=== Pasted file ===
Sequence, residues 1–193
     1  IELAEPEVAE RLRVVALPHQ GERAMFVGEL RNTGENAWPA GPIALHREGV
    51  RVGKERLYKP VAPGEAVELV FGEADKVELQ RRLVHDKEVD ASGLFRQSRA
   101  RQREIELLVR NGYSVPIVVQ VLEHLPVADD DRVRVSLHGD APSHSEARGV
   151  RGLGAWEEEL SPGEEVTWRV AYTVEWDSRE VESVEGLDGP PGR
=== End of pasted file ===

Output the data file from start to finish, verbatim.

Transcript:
Sequence, residues 1–193
     1  IELAEPEVAE RLRVVALPHQ GERAMFVGEL RNTGENAWPA GPIALHREGV
    51  RVGKERLYKP VAPGEAVELV FGEADKVELQ RRLVHDKEVD ASGLFRQSRA
   101  RQREIELLVR NGYSVPIVVQ VLEHLPVADD DRVRVSLHGD APSHSEARGV
   151  RGLGAWEEEL SPGEEVTWRV AYTVEWDSRE VESVEGLDGP PGR